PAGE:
Update on the sprinklers-for-rehabs proposal
The Baltimore City Council bill requiring fire sprinkler systems was approved and signed into law last week -- but for new homes only, not rehabs.
The original proposal brought a chorus of rehabber protests because it would have mandated sprinklers on any project covering at least 30 percent of the home's gross floor area, a threshold that would include do-it-yourself replacement of carpet as well as major rehabilitation efforts.
City Councilwoman Mary Pat Clarke, who sponsored the bill with Councilman Warren Branch, said after the early June hearing that she would amend the bill so only gut rehabs -- major projects -- would require sprinklers. But real estate investors were still opposed. Baltimore's housing agency estimated the expense of installing a system in an existing home at $13,000 to $15,000, much more than in a home being built from scratch.
"What passed finally was new-construction only," Clarke said. "There's no rehabs in the bill anymore."
She said she's disappointed and hopes to try again.
"I’m going to take some time this summer with the fire marshal and the contractors and the water department and make sure we get the price that we all agree it costs, and we've got all systems supporting what needs to happen for the cost to be minimal," Clarke said.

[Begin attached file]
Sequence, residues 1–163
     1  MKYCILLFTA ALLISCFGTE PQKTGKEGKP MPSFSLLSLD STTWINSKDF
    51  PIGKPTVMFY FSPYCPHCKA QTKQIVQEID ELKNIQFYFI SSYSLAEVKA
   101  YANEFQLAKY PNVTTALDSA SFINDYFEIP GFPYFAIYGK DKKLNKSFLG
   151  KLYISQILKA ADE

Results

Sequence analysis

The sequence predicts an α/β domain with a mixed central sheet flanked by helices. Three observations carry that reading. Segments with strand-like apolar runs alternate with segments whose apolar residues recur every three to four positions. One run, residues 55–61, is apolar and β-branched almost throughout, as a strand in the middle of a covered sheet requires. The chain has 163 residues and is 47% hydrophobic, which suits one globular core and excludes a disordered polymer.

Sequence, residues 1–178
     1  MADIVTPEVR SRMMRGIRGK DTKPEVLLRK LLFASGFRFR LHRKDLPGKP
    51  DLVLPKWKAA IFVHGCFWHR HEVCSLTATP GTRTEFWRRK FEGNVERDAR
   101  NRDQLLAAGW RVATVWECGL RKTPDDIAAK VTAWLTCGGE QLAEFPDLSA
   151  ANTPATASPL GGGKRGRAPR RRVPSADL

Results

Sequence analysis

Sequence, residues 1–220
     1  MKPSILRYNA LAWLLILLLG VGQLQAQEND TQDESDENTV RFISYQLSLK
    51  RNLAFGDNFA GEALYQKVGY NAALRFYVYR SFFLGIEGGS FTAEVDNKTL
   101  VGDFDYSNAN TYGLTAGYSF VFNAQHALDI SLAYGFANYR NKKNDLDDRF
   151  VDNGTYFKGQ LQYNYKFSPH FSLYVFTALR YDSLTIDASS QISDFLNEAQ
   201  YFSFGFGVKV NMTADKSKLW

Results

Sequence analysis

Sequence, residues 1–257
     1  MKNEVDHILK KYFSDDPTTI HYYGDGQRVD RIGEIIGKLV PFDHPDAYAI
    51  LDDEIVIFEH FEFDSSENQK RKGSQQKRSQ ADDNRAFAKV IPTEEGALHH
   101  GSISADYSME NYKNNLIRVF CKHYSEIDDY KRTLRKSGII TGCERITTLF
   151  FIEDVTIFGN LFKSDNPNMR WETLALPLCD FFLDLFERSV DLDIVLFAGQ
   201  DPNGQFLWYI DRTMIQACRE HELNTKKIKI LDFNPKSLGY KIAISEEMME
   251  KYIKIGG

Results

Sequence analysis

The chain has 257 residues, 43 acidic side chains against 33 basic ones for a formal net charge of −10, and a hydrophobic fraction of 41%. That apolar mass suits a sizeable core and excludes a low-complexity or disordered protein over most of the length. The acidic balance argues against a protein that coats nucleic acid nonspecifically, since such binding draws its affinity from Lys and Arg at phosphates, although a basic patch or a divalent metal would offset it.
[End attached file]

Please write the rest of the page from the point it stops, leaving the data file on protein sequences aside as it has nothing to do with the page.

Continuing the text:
Some of you commented on the earlier posts to say you supported the idea and thought it would save lives. Many of you said "thumbs down," noting the cost and the likelihood of fewer rehabs as a result.
Pete from Highlandtown wrote, "This is not going to be a matter of a few rich guys making $15,000 less on each house. This is going to be about guys with low profit margins going out of business because they cant afford to fix up houses.
"I never have made more than $17,000 in my life. And i was never sad about that. I was content with my life and my income. But now even $ 15-$17 thousand dollars a year is something that i cannot achieve working construction in Baltimore. I am a hard worker who has never been on unemployment or any kind of welfare. But its obvious to me that the City doesnt care about people like me."